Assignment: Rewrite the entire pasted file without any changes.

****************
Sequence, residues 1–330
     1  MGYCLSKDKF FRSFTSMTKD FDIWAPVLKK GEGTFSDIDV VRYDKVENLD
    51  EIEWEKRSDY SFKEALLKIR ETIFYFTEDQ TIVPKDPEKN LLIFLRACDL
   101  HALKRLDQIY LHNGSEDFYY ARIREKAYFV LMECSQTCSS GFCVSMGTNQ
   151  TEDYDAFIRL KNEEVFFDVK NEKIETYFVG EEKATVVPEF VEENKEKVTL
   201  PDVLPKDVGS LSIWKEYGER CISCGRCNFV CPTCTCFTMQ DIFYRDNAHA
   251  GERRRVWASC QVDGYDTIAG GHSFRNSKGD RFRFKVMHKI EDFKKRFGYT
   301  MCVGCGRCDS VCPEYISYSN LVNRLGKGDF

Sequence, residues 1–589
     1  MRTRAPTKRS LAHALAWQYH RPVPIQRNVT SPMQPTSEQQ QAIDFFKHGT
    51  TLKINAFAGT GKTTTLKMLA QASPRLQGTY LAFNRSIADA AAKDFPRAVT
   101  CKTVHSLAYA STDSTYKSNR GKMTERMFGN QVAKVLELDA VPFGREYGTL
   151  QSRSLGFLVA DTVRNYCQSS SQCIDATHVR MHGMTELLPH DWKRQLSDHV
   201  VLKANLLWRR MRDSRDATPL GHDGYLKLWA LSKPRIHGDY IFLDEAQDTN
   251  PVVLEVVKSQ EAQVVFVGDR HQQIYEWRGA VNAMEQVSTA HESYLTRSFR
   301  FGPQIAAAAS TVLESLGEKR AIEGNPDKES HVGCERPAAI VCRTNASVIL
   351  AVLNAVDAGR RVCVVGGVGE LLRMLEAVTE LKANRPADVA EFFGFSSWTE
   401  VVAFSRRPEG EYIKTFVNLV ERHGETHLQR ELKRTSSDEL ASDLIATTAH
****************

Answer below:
Sequence, residues 1–330
     1  MGYCLSKDKF FRSFTSMTKD FDIWAPVLKK GEGTFSDIDV VRYDKVENLD
    51  EIEWEKRSDY SFKEALLKIR ETIFYFTEDQ TIVPKDPEKN LLIFLRACDL
   101  HALKRLDQIY LHNGSEDFYY ARIREKAYFV LMECSQTCSS GFCVSMGTNQ
   151  TEDYDAFIRL KNEEVFFDVK NEKIETYFVG EEKATVVPEF VEENKEKVTL
   201  PDVLPKDVGS LSIWKEYGER CISCGRCNFV CPTCTCFTMQ DIFYRDNAHA
   251  GERRRVWASC QVDGYDTIAG GHSFRNSKGD RFRFKVMHKI EDFKKRFGYT
   301  MCVGCGRCDS VCPEYISYSN LVNRLGKGDF

Sequence, residues 1–589
     1  MRTRAPTKRS LAHALAWQYH RPVPIQRNVT SPMQPTSEQQ QAIDFFKHGT
    51  TLKINAFAGT GKTTTLKMLA QASPRLQGTY LAFNRSIADA AAKDFPRAVT
   101  CKTVHSLAYA STDSTYKSNR GKMTERMFGN QVAKVLELDA VPFGREYGTL
   151  QSRSLGFLVA DTVRNYCQSS SQCIDATHVR MHGMTELLPH DWKRQLSDHV
   201  VLKANLLWRR MRDSRDATPL GHDGYLKLWA LSKPRIHGDY IFLDEAQDTN
   251  PVVLEVVKSQ EAQVVFVGDR HQQIYEWRGA VNAMEQVSTA HESYLTRSFR
   301  FGPQIAAAAS TVLESLGEKR AIEGNPDKES HVGCERPAAI VCRTNASVIL
   351  AVLNAVDAGR RVCVVGGVGE LLRMLEAVTE LKANRPADVA EFFGFSSWTE
   401  VVAFSRRPEG EYIKTFVNLV ERHGETHLQR ELKRTSSDEL ASDLIATTAH